Impedance is an important subject in amateur radio so we want to spend a little time discussing it here. Several topics on this site will involve impedance so it’s good to have this basic concept well understood.

In ham radio work we deal with impedance in transmission lines, antennas, transmitter outputs, receiver inputs, microphones, speakers, headphones, and other devices. Impedance matters everywhere a signal couples to something different.

Basic resistance (R) is what opposes current in a DC circuit, and all components have measurable resistance.

But things get more complicated in AC circuits. Capacitors and inductors (coils) oppose change. This includes alternating current, a characteristic of audio, video and radio frequencies. The properties of capacitance and inductance have well-defined opposition to AC which varies by signal frequency.

All components have measurable capacitance and inductance so there is always some reactance (X) in a circuit. There are two flavors of reactance: capacitive and inductive. Interestingly, they respond oppositely to signal frequency. Inductive reactance (X_{L}) goes up with frequency while capacitive reactance (X_{C}) goes down.

When you add the constant resistance in a circuit to the capacitive and inductive reactance, the result is impedance (Z=R+jX). In broad terms, it can be considered “AC resistance”, which is legitimate when we don’t care about the complex phase angle part of the equation. Resistance plus reactance equals impedance (Z).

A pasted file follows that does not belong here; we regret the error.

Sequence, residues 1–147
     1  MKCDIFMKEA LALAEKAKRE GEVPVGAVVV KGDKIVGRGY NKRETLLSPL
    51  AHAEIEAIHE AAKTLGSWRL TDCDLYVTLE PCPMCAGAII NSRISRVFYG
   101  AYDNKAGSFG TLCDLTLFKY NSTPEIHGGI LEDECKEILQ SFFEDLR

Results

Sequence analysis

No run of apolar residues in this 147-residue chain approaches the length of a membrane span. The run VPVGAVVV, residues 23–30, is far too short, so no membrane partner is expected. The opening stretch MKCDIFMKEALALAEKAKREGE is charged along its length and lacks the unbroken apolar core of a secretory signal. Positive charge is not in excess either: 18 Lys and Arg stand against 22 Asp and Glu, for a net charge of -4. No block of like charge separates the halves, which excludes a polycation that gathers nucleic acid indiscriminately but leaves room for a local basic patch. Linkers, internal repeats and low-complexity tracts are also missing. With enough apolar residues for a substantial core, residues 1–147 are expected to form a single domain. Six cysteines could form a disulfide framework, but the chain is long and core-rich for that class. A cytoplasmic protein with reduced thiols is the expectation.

Like DC resistance, impedance (AC resistance) is measured in ohms.

OK so far? Click on the many hyperlinks in this article for more detail, along with helpful links below. Don’t worry, you only need to grasp the basics here; high-level math is not necessary for a working knowledge of impedance.

Now that you know what impedance is, the next important thing to understand is that when an AC signal interfaces with a new circuit, the impedances should match.

When impedance of a source (Z_{S}) equals the load impedance (Z_{L}), the best possible signal coupling occurs. Conversely, when impedances are not the same, signals couple poorly.

The maximum power-transfer theorem says that to transfer the maximum amount of power from a source to a load, the load impedance should match the source impedance (Z_{S}=Z_{L}).

Good examples of impedance matching are: audio amplifier output to speaker (8Ω); transceiver RF circuits to antenna feed line (50Ω); microphone to audio input (2000Ω).

Impedance matching can be accomplished by Continue reading